So let's dive in. No, I'll be the first to sane that heating with wood isn't for everyone. There are some definite considerations that you'll need to work through, you know, availability, your location insurance. Sometimes different insurance companies do not like wood stoves or they want you to put them in in a certain way. And not to mention it is a lifestyle choice of sorts. Um, you do have to be committed to the process. It's not just about flicking on a switch, there's some definite chores related to wood heat. Uh, here are the reasons that we personally chose to heat with wood and have continued to do so over the years. So number one, I think the, one of the biggest things for us was that it's economical. Now notice I didn't say free because it's not free, right? Heating with was still costs money. Um, at least for those of us who are buying firewood, I suppose if you have many acres of timber, if you do, I'm very jealous.
Speaker 1:
4:36
Um, and you can go harvest your own firewood or you have a lot of dead trees, then it could be free other than the purchase of the stove. Um, but even with us purchasing logs, it saves us a lot of cash as compared to purchasing propane, especially when propane prices spike, which they have done in recent years. Um, for us in our area, if you want a cord of wood that is already split, ready to roll, it's about $150 a cord. That's just rough. Average. We use about five chords per year. Um, so you can do the math on that one, but most of the time, at least in our last few years, we have purchased big full logs, uncut logs and that has draft dropped our price down to about a hundred dollars a cord. And I'll explain a little bit more of that, a decision below. But it kind of depends on where you're getting the firewood, um, how processed it is before you get it.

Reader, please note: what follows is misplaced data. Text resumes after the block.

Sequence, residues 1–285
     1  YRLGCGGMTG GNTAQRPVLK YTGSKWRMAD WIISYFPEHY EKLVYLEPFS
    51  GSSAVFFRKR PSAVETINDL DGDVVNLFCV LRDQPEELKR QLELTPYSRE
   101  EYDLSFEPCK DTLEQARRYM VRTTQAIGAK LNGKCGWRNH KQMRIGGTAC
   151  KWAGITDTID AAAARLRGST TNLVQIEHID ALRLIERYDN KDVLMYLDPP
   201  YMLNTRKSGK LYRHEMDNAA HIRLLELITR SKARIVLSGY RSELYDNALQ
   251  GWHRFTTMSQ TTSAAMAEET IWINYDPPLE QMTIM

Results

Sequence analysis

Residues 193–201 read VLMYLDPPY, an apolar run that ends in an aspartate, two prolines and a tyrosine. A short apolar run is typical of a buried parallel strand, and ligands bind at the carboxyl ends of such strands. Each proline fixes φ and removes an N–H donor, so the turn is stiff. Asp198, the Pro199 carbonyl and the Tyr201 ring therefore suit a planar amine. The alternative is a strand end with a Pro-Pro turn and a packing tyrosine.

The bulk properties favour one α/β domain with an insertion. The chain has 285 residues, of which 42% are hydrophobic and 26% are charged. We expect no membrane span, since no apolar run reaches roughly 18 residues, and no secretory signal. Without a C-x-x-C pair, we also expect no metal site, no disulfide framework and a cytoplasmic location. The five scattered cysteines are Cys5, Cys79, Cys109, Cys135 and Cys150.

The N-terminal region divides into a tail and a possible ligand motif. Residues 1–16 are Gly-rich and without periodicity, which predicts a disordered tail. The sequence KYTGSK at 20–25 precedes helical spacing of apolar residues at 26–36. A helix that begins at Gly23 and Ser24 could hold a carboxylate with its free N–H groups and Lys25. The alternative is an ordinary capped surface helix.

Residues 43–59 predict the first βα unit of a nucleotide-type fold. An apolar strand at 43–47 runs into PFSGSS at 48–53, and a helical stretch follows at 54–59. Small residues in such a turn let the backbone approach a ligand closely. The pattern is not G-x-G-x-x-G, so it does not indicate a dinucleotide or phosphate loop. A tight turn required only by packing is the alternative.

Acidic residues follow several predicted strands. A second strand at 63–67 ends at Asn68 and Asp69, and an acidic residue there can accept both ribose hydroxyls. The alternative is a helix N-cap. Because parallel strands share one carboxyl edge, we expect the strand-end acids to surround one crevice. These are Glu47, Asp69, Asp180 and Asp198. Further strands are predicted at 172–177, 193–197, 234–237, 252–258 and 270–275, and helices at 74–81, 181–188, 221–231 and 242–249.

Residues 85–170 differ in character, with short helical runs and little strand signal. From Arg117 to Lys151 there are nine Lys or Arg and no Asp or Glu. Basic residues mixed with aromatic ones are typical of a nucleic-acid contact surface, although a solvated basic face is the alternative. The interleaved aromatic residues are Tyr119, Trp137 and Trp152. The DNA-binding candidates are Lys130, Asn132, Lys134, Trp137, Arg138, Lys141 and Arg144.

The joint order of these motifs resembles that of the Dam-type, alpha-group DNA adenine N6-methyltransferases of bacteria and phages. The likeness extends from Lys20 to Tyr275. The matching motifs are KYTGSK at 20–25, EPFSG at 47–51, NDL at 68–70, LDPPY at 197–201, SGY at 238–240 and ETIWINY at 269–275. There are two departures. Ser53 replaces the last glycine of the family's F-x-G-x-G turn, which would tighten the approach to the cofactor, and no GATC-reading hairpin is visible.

Speaker 1:
5:46
But it's definitely, I think compared to a lot of, uh, oil or gas heat sources, it's still going to be cheaper for the most part. We also like it because a renewable resource now, um, like I said, if you have timber on your land, I'm wish we had that, but I'm super jealous. We don't have a lot of trees out here on the Prairie. They don't grow naturally. The ones that do grow, we have to pray over them and big them to grow and water them like every single day during the summer. So they're definitely not something we're going to just chop down. Um, but even though there's not firewood trees here on our property, there's a lot of beetle-killed trees in the mountains that are about hour and a half to two hours away from us. And those are a good source of firewood. Um, so that's a great option for us even though we live on the treeless Prairie.
Speaker 1:
6:45
Another reason we like wood heat is that it's efficient. And actually as I say this, I think I have to leave it with a bit of a caveat. Heating with wood can be efficient as long as you have the right stove. There are some older models of stove that really burned through the wood quickly. They're not as efficient and you'll, you find yourself using more fuel than you need to really be using. Um, and so when we were shopping for our woodstove, you know, initially my thought, cause that's how I roll. I like, let's go vintage, let's go at a antique stove. And Christian really steered me away from that just for the sake of efficiency because newer stoves can do a better job of creating maximum heat with a more minimal amount of wood. So that's something to keep in mind.
Speaker 1:
7:40
And another issue or not issue another benefit rather of what heat that was a really, really big one for us is that it's not dependent on electricity. And I'd say this might just be the number one reason right up there with the economics of it. Because when we had the furnace only previously, I was scared to death. The power was going to go out for an extended period of time. We didn't have a generator, but I knew that if the power was out, you know, we had a blizzard and, and power lines went down and the power company couldn't make it to our house for a week. Um, we had no way to heat the house or even just keep our pipes from freezing and bursting. And I just felt like a sitting duck. And I hate that feeling more than anything. So I wanted to be prepared.
Speaker 1:
8:33